Compassion fatigue has emerged as a detrimental consequence of experiencing work-related stress among psychiatric nurses, and affected the job performance, emotional and physical health of psychiatric nurses. However, researches on Chinese psychiatric nurses’ compassion fatigue are dearth. This cross-sectional study aimed to investigate the prevalence and factors of compassion fatigue among Chinese psychiatric nurses.
All participants completed the demographic questionnaire and the Chinese version of Professional Quality of Life Scale (ProQOL-CN). One-way ANOVA, t-tests, Levene test and multiple linear regression analysis were conducted to evaluate factors associated with compassion fatigue.
A total of 352 psychiatric nurses in 9 psychiatric hospitals from the Chengdu, Wuhan, and Hefei were surveyed. The mean scores of compassion satisfaction, burnout and secondary traumatic stress were 32.59 ± 7.124, 26.92 ± 6.003 and 25.97 ± 5.365, respectively. Four variables of job satisfaction, exercise, had children, and age range from 36 to 50 years explained 30.7% of the variance in compassion satisfaction. Job satisfaction, sleeping quality, and marital status accounted for 40.4% variables in burnout. Furthermore, job satisfaction, average sleeping quality, and years of nursing experience remained significantly associated with secondary trauma stress, explaining 10.9% of the variance.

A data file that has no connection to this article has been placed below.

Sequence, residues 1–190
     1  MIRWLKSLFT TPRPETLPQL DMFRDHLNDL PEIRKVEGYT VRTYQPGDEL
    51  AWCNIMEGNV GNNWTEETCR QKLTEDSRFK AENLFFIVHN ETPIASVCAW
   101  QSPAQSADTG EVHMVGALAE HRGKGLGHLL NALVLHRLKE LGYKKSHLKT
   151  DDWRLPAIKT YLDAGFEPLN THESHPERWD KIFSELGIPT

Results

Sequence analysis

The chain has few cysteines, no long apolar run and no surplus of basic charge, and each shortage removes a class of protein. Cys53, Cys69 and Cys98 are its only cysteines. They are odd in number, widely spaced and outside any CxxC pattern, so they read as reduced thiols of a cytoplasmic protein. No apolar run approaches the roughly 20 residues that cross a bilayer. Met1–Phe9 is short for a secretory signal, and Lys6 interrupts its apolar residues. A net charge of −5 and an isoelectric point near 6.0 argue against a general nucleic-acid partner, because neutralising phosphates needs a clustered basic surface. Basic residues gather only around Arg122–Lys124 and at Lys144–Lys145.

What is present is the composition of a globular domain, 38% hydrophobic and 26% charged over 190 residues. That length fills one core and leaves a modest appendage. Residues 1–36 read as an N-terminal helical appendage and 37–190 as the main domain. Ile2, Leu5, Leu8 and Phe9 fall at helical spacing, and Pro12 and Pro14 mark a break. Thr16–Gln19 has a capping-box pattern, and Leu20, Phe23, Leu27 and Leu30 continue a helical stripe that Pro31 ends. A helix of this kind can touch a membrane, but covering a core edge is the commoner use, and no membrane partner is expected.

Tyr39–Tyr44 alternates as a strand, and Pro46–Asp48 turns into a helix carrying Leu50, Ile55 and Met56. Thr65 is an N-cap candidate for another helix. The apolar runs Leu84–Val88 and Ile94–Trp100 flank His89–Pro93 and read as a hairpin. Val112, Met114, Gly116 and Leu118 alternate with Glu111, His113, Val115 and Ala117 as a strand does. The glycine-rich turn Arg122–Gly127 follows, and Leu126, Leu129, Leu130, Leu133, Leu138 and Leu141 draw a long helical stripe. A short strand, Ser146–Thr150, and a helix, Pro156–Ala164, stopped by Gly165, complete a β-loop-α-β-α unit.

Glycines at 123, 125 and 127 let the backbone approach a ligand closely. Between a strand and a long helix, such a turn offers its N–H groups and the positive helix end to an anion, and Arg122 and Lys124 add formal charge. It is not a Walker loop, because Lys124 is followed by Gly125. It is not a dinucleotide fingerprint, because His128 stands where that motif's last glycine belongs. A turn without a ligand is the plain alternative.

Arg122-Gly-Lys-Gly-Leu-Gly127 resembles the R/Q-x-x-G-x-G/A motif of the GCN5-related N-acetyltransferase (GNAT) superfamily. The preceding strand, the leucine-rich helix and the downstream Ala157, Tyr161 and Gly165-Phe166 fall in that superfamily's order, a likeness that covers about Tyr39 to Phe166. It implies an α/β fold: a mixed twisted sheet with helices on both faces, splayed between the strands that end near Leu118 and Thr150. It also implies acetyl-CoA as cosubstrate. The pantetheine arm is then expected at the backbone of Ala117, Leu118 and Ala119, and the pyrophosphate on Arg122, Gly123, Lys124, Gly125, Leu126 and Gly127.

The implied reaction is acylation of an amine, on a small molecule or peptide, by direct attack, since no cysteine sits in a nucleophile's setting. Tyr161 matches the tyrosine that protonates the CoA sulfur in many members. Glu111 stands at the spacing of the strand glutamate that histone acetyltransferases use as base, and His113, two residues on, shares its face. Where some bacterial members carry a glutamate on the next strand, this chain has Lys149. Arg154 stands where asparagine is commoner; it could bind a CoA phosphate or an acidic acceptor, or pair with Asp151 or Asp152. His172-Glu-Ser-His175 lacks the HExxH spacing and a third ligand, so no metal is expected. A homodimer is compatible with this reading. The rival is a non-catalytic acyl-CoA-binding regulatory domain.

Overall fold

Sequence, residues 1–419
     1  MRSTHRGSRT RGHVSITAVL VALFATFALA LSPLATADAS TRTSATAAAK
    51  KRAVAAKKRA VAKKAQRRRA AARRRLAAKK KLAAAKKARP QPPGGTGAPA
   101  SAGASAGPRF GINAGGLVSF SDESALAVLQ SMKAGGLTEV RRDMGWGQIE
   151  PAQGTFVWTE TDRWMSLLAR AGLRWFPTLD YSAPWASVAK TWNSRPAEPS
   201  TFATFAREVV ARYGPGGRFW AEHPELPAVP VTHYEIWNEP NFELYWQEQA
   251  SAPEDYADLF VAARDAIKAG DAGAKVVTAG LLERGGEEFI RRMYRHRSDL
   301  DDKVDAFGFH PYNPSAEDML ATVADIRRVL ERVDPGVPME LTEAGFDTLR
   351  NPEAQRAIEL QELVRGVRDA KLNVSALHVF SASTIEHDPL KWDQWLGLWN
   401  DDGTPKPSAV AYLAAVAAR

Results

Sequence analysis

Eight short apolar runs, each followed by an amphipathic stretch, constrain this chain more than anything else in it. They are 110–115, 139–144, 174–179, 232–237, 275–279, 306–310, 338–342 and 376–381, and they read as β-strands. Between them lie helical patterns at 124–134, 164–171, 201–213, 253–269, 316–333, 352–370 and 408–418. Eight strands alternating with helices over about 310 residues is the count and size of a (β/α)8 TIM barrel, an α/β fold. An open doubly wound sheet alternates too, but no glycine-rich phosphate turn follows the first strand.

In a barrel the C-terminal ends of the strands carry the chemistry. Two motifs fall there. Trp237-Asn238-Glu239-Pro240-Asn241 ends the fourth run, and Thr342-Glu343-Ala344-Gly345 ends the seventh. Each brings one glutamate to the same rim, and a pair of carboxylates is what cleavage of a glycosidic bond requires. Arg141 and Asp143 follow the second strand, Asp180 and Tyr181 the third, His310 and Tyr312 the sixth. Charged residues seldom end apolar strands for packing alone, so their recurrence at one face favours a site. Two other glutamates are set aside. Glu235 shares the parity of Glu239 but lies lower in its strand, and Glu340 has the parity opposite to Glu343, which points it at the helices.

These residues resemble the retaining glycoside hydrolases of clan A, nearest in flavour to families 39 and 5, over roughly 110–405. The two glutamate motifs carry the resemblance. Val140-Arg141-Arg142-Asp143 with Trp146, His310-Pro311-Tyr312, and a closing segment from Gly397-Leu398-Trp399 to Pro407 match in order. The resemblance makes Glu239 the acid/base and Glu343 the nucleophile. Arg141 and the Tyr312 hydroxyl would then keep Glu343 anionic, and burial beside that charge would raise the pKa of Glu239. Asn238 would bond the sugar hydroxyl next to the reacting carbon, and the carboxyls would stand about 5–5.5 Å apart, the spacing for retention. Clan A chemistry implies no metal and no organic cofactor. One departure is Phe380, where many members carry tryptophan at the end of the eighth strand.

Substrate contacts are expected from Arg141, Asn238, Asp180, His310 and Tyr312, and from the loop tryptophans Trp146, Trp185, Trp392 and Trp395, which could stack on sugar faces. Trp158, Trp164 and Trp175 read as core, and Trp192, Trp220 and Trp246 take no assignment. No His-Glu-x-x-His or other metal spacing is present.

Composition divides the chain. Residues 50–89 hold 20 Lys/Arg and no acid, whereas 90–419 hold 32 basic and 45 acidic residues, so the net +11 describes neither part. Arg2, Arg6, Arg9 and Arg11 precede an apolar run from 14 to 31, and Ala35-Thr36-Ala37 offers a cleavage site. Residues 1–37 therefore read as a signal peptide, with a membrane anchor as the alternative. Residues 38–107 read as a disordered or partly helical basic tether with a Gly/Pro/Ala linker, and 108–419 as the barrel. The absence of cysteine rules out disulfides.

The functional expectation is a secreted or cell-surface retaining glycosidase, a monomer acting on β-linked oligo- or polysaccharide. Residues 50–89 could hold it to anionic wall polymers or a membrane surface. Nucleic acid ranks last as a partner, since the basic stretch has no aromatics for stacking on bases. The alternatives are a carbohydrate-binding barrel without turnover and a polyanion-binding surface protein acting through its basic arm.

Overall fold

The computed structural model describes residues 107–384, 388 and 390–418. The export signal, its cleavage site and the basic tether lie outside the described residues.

Compassion satisfaction, burnout and secondary traumatic stress among Chinese psychiatric nurses were at the level of moderate. The higher job satisfaction, healthy lifestyle (high sleep quality and regular exercise), and family support (children, stable and harmonious marital status) positively influenced compassion satisfaction and negatively associated with burnout or secondary traumatic stress.